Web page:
• When doing solar battery sizing, you must also take into account the rate of discharge you want to have. Remember, the slower your batteries can discharge the more hours you'll get out of them. You can find out a battery's rate of discharge by looking at it and finding the value marked: (C-?). If you see (C-10) then this means the battery takes 10 hours to discharge fully, if it's (C-5) then the battery takes 5 hours to discharge fully.
  • Lastly, when sizing a battery bank, you must consider the depth of discharge you want to go to before recharging. (This is decided by your specific power needs / capacity and affects the battery's lifespan).

Basically, the bigger your batteries are and the more batteries you have, the more convenient it is for you and the better it is for your batteries' health. This is due to the fact that with more batteries / storage capacity you will have more power available, plus you will be discharging your battery bank in smaller (more shallow) cycles and thus increasing it's overall lifespan.

Therefore, as a general rule in solar battery sizing, it's always better to have more batteries in your battery bank and only discharge them 30-50% of the way down - than to have less batteries and discharge them more. Use a battery bank sizer calculator that can help automate the process for you.

Determining a Battery's Storage Capacity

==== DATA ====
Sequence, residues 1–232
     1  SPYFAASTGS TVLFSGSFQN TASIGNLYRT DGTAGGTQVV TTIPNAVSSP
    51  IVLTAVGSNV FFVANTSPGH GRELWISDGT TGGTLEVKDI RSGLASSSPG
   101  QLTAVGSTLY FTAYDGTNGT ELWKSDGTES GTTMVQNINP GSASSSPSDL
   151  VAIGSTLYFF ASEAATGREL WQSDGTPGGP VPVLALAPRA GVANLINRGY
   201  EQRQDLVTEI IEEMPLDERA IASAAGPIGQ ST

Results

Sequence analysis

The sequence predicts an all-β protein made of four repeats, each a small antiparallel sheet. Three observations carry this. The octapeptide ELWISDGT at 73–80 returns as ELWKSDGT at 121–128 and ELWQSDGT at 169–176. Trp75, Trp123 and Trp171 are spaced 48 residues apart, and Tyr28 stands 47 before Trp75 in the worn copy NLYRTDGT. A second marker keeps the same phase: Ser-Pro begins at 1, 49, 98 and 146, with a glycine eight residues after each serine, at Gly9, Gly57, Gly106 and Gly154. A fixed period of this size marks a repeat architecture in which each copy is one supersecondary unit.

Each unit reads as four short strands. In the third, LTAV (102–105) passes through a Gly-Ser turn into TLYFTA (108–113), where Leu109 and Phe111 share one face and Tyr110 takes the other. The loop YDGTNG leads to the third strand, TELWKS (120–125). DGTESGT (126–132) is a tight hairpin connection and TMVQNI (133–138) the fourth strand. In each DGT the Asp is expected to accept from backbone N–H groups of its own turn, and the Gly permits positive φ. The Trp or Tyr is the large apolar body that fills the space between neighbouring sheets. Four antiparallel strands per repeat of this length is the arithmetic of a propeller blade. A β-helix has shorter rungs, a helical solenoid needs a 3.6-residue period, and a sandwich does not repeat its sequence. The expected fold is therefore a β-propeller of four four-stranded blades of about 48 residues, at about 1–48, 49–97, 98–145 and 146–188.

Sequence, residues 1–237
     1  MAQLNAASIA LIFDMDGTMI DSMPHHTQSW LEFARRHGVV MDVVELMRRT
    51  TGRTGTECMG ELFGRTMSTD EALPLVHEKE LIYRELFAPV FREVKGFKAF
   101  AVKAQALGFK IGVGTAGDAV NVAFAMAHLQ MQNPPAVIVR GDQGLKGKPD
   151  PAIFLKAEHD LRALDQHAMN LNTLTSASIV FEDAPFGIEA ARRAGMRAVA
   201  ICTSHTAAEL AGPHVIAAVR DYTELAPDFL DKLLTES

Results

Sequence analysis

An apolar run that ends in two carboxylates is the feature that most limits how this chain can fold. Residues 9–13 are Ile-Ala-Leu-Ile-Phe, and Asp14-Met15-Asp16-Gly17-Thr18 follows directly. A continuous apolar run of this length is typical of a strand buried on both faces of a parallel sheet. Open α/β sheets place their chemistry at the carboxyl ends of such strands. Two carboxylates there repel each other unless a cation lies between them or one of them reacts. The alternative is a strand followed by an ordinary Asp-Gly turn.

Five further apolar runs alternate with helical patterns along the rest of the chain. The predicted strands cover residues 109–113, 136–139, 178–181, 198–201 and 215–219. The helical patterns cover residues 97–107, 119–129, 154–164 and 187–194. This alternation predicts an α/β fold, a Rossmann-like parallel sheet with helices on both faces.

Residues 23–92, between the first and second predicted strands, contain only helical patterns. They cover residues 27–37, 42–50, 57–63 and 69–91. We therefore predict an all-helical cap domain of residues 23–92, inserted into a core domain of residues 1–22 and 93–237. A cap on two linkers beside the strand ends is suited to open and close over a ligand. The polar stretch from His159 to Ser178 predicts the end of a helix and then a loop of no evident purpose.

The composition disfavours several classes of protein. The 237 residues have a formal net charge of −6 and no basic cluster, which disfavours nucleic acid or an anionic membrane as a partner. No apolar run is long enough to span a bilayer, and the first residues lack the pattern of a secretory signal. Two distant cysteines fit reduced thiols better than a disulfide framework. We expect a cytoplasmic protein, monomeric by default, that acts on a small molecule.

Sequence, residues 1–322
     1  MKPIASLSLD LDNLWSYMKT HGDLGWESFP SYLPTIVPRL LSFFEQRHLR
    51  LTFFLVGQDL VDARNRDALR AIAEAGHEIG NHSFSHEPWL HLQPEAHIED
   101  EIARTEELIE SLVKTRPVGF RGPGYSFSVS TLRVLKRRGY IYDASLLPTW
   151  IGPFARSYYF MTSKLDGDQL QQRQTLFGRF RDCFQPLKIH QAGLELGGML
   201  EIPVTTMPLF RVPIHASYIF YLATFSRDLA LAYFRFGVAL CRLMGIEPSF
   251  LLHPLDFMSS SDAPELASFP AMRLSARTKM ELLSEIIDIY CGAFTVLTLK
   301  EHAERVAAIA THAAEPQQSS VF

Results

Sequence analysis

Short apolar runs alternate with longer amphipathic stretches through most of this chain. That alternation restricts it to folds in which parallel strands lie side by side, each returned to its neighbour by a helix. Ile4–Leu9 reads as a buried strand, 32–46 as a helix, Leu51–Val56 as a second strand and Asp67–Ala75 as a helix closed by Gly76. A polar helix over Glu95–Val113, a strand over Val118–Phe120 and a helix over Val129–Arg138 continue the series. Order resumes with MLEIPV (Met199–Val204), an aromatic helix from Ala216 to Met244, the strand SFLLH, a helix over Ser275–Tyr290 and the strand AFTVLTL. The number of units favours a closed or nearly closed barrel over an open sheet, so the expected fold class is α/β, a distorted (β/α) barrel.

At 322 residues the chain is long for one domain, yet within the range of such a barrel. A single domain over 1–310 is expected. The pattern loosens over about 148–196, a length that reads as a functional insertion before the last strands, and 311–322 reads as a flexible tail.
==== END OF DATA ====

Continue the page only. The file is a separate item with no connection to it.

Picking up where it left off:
An important part of solar battery sizing is determining the storage capacity, so you know how long you can use it for.

Sizing a Battery Bank - Watt Hours

Let's say you go out and buy a battery for your solar system that is 12 volts (push) and 105 amp hours (storage capacity).

You could find out approximately how much energy this battery will store / provide by calculating the watt hours. To do this, just multiply the volts (V) x the amp hours (AH) and divide by 100.

Volts x Amp Hours / 100 = Watt Hours

12V x 105AH = 1260 / 100 = 12.6 Watt Hours

What this means is that you can power a 100 watt appliance for 12.6 hours on a fully charged battery.

Make sure you find out what the specs on your batteries are before buying them. By knowing what to look for and what each spec means, you can insure your solar project's battery bank operates smoothly, efficiently and free of costly "battery bank sizing" mistakes.

Battery Life Expectancy

One thing you want to pay close attention to when solar battery sizing is how long the batteries you buy will last. The life expectancy of a sealed lead acid battery is rated using the number of cycles that battery can perform.

The "number of cycles" refers to the number of times the battery can be charged and discharged before it's dead.

So if your battery is a 3000 cycle battery, this means it can be charged and discharged 3000 times before it dies, that is providing it is consistently charged correctly and not discharged past acceptable levels. Batteries are considered to be at the end of their lifespan when 20% of their original capacity is gone.